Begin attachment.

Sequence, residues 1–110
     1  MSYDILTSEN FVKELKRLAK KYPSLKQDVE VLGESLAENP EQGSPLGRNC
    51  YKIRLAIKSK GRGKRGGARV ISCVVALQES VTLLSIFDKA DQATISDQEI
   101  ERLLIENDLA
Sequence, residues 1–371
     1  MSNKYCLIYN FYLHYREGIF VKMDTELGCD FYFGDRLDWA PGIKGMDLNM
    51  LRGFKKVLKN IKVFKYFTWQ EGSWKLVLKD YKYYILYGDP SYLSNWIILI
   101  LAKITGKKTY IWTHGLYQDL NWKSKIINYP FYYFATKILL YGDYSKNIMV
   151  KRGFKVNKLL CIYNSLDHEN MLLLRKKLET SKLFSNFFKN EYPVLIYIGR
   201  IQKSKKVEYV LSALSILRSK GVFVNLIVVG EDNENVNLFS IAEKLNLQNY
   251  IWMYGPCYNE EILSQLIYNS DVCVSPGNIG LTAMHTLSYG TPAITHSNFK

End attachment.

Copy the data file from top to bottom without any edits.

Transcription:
Sequence, residues 1–110
     1  MSYDILTSEN FVKELKRLAK KYPSLKQDVE VLGESLAENP EQGSPLGRNC
    51  YKIRLAIKSK GRGKRGGARV ISCVVALQES VTLLSIFDKA DQATISDQEI
   101  ERLLIENDLA
Sequence, residues 1–371
     1  MSNKYCLIYN FYLHYREGIF VKMDTELGCD FYFGDRLDWA PGIKGMDLNM
    51  LRGFKKVLKN IKVFKYFTWQ EGSWKLVLKD YKYYILYGDP SYLSNWIILI
   101  LAKITGKKTY IWTHGLYQDL NWKSKIINYP FYYFATKILL YGDYSKNIMV
   151  KRGFKVNKLL CIYNSLDHEN MLLLRKKLET SKLFSNFFKN EYPVLIYIGR
   201  IQKSKKVEYV LSALSILRSK GVFVNLIVVG EDNENVNLFS IAEKLNLQNY
   251  IWMYGPCYNE EILSQLIYNS DVCVSPGNIG LTAMHTLSYG TPAITHSNFK